Bring back the : Rover SD1

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ROVER ECOTYBelieve it or not it’s been almost ten years since the last Rover made its way off the production line, the name joining so many extinct British manufacturers when MG Rover collapsed in 2005. 

So after a decade away is the time right for Rover’s return? It’s certainly true that the brand suffered during the 90s and 2000s, with small hatchbacks arguably eroding the brands core value – big, powerful, comfortable saloons. By the time the Rover 75 arrived at the dawn of the millennium, the damage was done and Rover’s key customers had moved to BMWs and Audis.

Today the Rover brand is owned by Jaguar Land Rover and what better company to bring the it back to a modern audience? With this in mind we call for the return of the Rover SD1!

The SD1 arrived in 1977 and brought Rover into an age of modernity, at least from a styling point of view. Mechanically it was simpler than the P6 that preceded it, losing the in-board rear brakes and the De Dion tube rear suspension. The highlight, as with most Rovers, was the 3.5 litre V8 petrol.  VM Motori provided a diesel alternative but in truth it wasn’t really befitting of the Rover experience.

Fast forward to today, with JLR’s new Ingenium engine family about to come on stream in the new XE and there’s a ready-made engine option for the new car – infact JLR could even rework one of the existing Jaguar platforms to base the new car upon.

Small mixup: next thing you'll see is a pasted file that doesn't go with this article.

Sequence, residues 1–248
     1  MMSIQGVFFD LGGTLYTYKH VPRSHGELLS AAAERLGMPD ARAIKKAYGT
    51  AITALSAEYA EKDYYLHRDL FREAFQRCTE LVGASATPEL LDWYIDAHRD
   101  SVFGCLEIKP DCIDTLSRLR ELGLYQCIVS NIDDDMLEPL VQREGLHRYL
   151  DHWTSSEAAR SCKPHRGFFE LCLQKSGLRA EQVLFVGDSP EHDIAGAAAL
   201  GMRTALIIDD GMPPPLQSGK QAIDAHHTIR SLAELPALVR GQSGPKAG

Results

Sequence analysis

JLR know how to make a good looking car so there’s every chance a rakish, sporty fastback could be penned by the Midlands firm, one that evoked (no pun intended) memories of the SD1 without be kitsch or overtly retro like the Rover 75 was criticised for.

There are still plenty of Rover fans out there – the marque enjoys an enviable owners community and any return the brand made would be met with huge interest.

If anyone can make it work, JLR can…

2 Responses

  1. Interesting article. It’s a shame that the Rover SD1 Diesel didn’t capture the market British Leyland had intended. It was such a beautiful looking car, the best looking car since Rover’s early P6. I hear that under British Leyland, quality control was iffy at best, unforgivable at worst.

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